The front camera is 8 megapixels, f/1.7 and has autofocus. You can use the front camera to create so-called emoji AR, but we’ll discuss that later on in an article dedicated to the function.
The photos taken by the device are of a high quality, so much so that DxO Mark (a site specialized in testing photo sensors) named the S9+ the best smartphone camera, right above the Google Pixel 2. In my personal experience, in fact, the photos taken aren’t that much better than the Pixel’s, and in some cases are even far less pleasant. Google’s HDR+ algorithm and software processing are much more satisfying than the more elaborate, but less immediately photographic software for the S9+. Since then, the Google Pixel 3 has come along though.
Turn up the volume and start dancing
As my colleague Luis explained in his review of the Samsung Galaxy S9, the South Korean company’s acquisition of Harman Kardon has been fruitful. Not only does Samsung’s flagship now have stereo speakers with powerful volume and excellent quality, but it also comes with the same AKG earphones that were supplied last year with the Galaxy S8 and S8+.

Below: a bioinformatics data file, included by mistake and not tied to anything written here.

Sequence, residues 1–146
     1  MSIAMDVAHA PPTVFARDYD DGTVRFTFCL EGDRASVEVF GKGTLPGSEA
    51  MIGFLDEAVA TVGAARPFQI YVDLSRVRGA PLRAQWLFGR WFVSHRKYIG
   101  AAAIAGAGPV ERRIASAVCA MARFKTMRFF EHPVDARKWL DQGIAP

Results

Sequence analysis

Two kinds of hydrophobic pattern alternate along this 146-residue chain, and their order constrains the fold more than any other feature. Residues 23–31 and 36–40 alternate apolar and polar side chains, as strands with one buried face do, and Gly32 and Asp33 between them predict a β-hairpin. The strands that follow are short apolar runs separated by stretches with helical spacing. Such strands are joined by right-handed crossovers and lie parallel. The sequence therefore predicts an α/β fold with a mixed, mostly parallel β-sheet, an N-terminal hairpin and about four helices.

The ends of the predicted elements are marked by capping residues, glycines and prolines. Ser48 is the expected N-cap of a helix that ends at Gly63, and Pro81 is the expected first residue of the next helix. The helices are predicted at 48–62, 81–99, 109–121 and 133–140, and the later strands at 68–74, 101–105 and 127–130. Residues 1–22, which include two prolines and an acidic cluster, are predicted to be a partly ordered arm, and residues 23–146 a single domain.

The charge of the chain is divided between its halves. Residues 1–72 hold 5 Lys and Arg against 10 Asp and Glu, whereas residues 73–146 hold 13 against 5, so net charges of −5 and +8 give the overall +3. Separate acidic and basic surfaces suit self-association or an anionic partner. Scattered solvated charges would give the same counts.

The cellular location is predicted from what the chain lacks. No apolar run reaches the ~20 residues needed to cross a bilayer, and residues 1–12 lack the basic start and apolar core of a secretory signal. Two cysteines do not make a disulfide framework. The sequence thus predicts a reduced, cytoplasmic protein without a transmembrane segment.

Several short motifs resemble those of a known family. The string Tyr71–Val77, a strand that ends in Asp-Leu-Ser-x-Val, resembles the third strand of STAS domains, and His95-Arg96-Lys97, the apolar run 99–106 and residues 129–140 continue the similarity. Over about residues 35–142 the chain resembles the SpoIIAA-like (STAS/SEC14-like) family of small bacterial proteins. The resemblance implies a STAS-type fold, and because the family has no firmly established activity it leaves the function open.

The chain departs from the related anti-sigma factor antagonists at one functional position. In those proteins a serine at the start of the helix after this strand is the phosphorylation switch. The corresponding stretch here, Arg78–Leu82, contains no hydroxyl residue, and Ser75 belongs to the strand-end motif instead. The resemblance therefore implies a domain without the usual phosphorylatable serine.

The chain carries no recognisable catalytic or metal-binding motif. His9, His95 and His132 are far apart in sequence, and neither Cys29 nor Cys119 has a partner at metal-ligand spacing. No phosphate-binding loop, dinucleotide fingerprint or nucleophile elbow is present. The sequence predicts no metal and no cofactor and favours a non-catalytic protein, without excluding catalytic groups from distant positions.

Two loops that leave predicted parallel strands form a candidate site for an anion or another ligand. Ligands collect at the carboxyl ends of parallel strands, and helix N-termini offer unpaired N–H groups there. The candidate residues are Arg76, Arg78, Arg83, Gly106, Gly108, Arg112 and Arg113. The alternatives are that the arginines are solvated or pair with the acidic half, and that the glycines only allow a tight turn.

Furthermore, the Galaxy S9+ has Dolby Atmos certification. It also has Bluetooth 5.0, which allows for better connection with accessories (including headphones) and also allows the simultaneous connection of two separately controllable speakers or Bluetooth headphones.
All you have to do is turn up the volume and start dancing!
High price but Samsung is by your side
There’s a lot of good news about the price, availability, and special offers from Samsung. The price for the Galaxy S9+ unlocked with 64 GB of memory is under $600 these days. You have three colors to choose from, just like for the S9: Midnight Black, Lilac Purple and Coral Blue.
As an incentive to purchase a Galaxy S9+ or S9, Samsung offers a trade-in program. Through this program you can receive a discount by sending in your old smartphone and purchasing one of the Galaxy S9 models.